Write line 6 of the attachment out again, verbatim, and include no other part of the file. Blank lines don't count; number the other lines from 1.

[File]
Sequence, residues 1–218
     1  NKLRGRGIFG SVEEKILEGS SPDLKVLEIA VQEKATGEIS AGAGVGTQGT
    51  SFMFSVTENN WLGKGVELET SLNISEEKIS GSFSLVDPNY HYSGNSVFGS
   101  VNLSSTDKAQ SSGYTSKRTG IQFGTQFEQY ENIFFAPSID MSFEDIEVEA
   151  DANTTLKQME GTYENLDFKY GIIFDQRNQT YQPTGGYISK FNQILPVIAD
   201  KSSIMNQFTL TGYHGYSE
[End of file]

   201  KSSIMNQFTL TGYHGYSE